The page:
What UK kids are dealing with right now

What UK kids are dealing with right now

The adversities children and young people are currently experiencing in the UK

Although many pupils have access to high levels of emotional and social resources that facilitate their learning and development, significant numbers do not.  Children and young people in the UK are living with chronic on-going adversity, while others experience times of acute stress, such as family breakdown and trauma.  We know that adversities for individuals are often multiple and interactive.

Table 1. The extent and range of adverse life circumstances for children in the UK today.

Issue Known Figures Source Further information
Children living in poverty 3.7 million – 28% 2013 – 2014 Child Poverty Action Group (2015)
Pupils eligible for free school meals 15.2% in England

28.7% in Scotland

18% in Wales

(2015 figures)

 

Department for Education (2015)

Scottish Government (2015).

Welsh Government (2015).

In maintained nursery, state-funded primary and secondary, special schools and pupil referral units
Abuse 50,000 children registered as in need of protection Jutte et al (2015) for the National Society for the Prevention of Cruelty to Children (NSPCC) It is estimated that eight times as many children are in need of protection
Sexual abuse Affects 1 in 20 children in the UK

11,839 counselling sessions on sexual abuse by Childline 2013/14

Radford et al (2011) for the NSPCC

Jutte et al (2015) for the NSPCC

It is estimated that 1 in 3 children do not tell anyone at the time (Radford et al, 2011)
Neglect 24,300 identified as in need of protection from neglect Radford et al (2011) for the NSPCC Neglect is a factor in over 60% of serious case reviews (Brandon et al, 2013)
Children in care 93,000 NSPCC (2014) 34% at age19 not in employment, education or training compared to 15.5% of general population

(DfE 2014)

Family breakdown 42% of marriages end in divorce

Almost half involve children under 16

Office of National Statistics (ONS) (2013)

ONS (2012)

This number is an under-estimate as 27% of couples co-habiting at the birth of their first child will have separated by the time they are 5 (Crawford et al, 2011)
Loss By 16 years 92% of young people will have experienced loss of a significant person, including a peer or family pet Harrison and Harrington (2001)
Family Violence 887,000 domestic abuse incidents recorded 2013/14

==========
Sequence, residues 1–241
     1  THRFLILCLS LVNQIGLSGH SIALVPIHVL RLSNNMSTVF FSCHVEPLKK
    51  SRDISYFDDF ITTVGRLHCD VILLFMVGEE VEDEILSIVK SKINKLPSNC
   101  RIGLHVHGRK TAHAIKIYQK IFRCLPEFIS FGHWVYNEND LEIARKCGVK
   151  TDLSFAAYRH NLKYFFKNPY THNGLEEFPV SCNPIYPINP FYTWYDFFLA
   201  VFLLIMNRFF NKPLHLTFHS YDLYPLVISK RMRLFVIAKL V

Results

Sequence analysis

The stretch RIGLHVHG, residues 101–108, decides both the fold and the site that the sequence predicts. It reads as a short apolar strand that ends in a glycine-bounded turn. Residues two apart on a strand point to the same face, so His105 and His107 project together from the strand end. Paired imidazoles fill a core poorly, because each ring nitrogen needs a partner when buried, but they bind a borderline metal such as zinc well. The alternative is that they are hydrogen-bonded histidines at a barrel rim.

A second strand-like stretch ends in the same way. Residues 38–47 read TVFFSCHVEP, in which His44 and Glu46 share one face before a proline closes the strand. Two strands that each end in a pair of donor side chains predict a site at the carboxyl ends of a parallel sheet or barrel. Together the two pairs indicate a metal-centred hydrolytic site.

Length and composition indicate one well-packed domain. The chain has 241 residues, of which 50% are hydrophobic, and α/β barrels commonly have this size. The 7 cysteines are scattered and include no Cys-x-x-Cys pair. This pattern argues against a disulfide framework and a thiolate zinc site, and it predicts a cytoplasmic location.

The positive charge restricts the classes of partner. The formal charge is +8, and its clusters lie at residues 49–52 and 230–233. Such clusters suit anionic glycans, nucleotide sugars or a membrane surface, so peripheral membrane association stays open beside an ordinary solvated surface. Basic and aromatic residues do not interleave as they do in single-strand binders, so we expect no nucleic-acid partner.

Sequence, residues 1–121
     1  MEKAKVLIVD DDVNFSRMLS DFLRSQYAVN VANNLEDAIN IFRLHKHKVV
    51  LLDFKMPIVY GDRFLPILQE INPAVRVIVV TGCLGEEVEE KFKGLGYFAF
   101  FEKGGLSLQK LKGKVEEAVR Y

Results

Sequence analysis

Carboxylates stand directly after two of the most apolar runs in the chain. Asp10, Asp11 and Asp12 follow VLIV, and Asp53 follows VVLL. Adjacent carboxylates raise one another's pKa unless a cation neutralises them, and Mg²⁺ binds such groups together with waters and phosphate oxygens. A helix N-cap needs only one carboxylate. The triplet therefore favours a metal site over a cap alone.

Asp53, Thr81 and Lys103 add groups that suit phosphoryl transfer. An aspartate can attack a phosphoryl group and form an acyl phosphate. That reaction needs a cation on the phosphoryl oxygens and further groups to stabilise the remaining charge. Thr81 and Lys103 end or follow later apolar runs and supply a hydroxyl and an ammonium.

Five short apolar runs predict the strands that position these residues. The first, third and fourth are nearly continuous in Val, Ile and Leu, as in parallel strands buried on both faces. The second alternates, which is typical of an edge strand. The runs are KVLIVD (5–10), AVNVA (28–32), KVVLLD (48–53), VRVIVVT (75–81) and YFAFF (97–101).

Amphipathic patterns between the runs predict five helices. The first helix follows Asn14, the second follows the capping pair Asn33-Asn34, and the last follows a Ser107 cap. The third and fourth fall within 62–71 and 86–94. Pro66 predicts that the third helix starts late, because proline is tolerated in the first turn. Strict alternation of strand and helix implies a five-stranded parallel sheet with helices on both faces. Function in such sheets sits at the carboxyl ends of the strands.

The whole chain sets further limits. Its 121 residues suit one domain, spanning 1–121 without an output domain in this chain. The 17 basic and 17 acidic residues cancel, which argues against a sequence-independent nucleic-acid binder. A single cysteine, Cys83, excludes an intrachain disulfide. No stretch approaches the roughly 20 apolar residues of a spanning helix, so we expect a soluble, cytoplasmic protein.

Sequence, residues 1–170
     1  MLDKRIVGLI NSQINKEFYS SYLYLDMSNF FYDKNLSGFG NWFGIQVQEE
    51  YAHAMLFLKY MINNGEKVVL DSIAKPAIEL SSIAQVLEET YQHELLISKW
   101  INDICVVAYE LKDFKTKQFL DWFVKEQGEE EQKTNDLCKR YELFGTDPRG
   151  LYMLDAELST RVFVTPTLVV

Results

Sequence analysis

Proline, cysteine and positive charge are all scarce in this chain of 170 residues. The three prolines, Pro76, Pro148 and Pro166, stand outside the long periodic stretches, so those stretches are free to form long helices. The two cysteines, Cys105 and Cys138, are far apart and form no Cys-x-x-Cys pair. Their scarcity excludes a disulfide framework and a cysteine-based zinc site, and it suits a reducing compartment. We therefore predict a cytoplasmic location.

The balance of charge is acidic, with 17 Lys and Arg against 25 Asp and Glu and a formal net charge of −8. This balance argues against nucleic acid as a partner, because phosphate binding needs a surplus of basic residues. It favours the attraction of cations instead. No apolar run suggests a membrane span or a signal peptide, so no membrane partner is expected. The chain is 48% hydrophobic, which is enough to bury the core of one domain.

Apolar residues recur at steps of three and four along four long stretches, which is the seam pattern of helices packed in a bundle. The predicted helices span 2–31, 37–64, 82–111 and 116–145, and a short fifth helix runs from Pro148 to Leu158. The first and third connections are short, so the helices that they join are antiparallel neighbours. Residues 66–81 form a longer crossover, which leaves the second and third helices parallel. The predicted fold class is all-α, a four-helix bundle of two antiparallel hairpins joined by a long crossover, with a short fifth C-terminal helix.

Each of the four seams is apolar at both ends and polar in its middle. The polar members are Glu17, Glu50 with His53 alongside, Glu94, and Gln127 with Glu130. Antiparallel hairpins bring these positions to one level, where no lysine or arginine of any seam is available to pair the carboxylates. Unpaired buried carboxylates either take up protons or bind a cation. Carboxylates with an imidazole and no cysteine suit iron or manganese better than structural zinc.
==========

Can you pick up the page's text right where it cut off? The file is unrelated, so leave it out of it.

At least 130,000 children live in homes with high risk of domestic abuse

ONS (2015)

 

 

SafeLives (2015)

 

On average high risk victims live with violence for 2 and a half years before seeking help (Safe Lives 2015)
Young Carers 244,000 young people under 19 are carers for family members ONS (2013) About 23,000 are under nine years old (Children’s Society, 2013).

 

Potential outcomes of risk factors

Highly stressful experiences and/or negative life circumstances inevitably impact on self-worth, concentration, attendance, behaviour and mental health, all of which will affect learning outcomes.  Although there has been no official data on the mental health of children and young people since 2004, concerns are increasing as evidenced by the report to the House of Commons Health Committee on Children and Adolescent’s Mental Health (2014). The UK charity Young Minds estimates that 3 children in every class now experiences a mental health difficulty (Young Minds, 2015). The following gives summary information of some of the ways in which specific adversities listed in Table 1 may impact on pupil mental health and behaviour.

Chronic Stressors

Chronic, long-term stressors appear to be more damaging to mental health than acute, sudden events.  The link between poverty and mental health has been demonstrated in numerous studies.  A key causal factor in the onset of depressive or anxious symptoms appears to be the experience of stressful life events, the prevalence of which is significantly elevated for those experiencing poverty. Lupien and colleagues (2001) found increased levels of the stress hormone cortisol in children living in families with low social economic status (SES).